Commentaries

from Rolfe Winkler:

Lunchtime Links 12-18

December 18, 2009

(Reader note: still working on

MUST READ -- Strict framework leaves room for maneuver (Masters/Jenkins, FT) While this subject may seem a little dry, it's the Basel Committee in Switzerland that will lead the way when it comes to how banks measure capital and how much they need to have. I'll offer more detailed thoughts on this later today.

China picks European cars off scrapheap

September 17, 2009

GERMANY/Chinese carmakers are seeking to step into the gaps left by U.S. companies in Europe — but while acquisitions may give them access to badly-needed technical know-how, global brands and exposure to new markets, the question is whether they have learnt from past failures.

Saab and Volvo – made in China?

September 9, 2009

SWEDEN/At this rate it might not be long before Sweden’s once mighty Volvo and Saab car marques come with “Made in China” stamped on the chassis.

How Swedish is Saab now?

September 8, 2009

Less by the hour if there is any truth to the story in Reuters that China’s SAIC is considering funding the iconic Swedish car brand’s buy-out from GM.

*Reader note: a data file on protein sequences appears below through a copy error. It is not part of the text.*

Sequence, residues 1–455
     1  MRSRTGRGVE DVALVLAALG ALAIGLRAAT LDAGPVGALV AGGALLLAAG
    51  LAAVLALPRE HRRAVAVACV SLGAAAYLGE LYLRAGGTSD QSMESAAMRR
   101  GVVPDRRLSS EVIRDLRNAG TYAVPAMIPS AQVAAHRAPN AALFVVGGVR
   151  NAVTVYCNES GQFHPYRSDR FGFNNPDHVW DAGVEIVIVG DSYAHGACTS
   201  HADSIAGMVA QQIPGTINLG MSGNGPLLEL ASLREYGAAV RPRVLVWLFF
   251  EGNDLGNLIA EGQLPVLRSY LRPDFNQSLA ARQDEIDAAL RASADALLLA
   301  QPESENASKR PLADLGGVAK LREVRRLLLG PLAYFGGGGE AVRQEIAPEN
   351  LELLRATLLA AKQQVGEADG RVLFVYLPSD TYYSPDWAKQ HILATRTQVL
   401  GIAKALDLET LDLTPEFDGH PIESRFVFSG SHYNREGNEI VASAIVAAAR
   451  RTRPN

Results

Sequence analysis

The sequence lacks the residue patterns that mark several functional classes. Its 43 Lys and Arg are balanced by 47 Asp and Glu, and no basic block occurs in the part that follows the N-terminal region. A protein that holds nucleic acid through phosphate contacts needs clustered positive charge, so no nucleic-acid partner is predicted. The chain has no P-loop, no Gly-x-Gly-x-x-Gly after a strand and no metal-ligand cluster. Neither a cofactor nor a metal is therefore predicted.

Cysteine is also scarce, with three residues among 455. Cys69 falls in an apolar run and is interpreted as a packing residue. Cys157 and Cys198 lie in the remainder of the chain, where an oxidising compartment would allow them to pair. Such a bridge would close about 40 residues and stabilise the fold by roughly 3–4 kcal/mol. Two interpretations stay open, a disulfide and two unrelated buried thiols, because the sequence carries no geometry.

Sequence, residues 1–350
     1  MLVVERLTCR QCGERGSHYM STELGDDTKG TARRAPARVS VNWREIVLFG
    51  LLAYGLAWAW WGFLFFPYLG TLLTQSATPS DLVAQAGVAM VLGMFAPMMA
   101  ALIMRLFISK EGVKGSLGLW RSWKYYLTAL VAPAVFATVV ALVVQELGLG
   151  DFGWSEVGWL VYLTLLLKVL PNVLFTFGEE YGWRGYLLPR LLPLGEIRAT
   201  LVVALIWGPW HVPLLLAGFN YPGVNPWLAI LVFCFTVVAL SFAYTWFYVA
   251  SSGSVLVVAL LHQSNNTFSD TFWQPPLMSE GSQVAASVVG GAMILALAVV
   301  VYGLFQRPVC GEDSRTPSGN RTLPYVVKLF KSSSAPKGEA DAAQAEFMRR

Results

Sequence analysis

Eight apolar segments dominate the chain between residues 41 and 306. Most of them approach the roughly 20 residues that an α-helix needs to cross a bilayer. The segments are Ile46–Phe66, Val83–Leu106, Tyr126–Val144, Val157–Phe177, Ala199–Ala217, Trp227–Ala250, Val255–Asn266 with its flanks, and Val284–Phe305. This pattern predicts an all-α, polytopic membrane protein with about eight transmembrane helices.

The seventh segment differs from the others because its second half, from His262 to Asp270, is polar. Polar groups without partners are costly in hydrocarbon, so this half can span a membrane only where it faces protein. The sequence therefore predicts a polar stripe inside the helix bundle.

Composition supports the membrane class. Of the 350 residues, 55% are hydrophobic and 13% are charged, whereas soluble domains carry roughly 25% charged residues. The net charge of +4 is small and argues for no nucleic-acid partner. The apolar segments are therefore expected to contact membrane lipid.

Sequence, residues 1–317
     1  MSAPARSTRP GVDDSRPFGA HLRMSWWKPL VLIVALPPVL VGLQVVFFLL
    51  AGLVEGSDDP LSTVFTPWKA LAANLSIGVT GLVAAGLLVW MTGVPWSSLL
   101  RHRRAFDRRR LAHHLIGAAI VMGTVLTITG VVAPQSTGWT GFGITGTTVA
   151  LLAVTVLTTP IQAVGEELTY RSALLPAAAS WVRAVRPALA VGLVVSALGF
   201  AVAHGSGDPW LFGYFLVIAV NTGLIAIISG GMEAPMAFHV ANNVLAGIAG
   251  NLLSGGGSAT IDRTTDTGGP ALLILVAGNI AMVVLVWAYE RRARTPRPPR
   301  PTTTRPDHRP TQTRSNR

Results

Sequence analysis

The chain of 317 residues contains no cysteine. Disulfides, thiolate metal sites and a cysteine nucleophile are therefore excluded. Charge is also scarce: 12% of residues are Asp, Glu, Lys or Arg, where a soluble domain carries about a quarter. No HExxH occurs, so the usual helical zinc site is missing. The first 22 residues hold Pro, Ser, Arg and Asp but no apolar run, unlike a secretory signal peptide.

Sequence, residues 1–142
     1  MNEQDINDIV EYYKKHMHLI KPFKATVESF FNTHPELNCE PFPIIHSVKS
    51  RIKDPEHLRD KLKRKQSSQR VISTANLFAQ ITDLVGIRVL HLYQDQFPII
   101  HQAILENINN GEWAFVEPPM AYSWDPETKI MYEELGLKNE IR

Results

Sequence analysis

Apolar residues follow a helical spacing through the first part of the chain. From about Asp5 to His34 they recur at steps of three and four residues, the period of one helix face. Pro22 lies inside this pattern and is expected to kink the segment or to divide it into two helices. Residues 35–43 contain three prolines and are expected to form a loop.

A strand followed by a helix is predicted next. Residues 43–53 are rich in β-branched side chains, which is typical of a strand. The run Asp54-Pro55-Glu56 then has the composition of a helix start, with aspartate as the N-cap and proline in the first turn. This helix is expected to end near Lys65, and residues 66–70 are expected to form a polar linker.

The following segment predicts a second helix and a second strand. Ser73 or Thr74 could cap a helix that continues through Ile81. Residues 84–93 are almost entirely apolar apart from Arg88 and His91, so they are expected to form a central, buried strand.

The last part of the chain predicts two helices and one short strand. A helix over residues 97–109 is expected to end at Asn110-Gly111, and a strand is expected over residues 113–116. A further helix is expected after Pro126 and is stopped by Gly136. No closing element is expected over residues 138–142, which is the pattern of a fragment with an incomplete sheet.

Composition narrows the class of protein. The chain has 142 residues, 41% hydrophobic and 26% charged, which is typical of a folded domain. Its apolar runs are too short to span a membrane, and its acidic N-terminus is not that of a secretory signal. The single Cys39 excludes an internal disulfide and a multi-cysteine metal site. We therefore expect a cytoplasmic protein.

Saab to Koenigsegg – another go slow GM sale

September 7, 2009

AUTOS SWEDEN KOENIGSEGGGeneral Motors doesn’t do deals in a hurry — at least when it is selling.

Chicken and Koenigsegg

June 15, 2009

I received something of a flaming at the hands of some readers for making a few gentle digs at the presumptions of Koenigsegg – a tiny Swedish sports car maker that is trying to buy Saab from General Motors. In particular, I was chided for not having done my homework before pronouncing – the implication being that I was too lazy to uncover the vast host of facts lying around out there in the public domain that would reveal even to a total dunderhead the merits and sense of this transaction.

Saab’s Phøenix moment?

June 12, 2009

Koenigsegg's boy racerThe great global automobile restructuring is throwing up some fairly unlikely bidders for some famous marques. Who would have thought Magna (who?) would end up buying Germany’s mighty Adam Opel? And who would have seen Fiat as Chrysler’s white knight?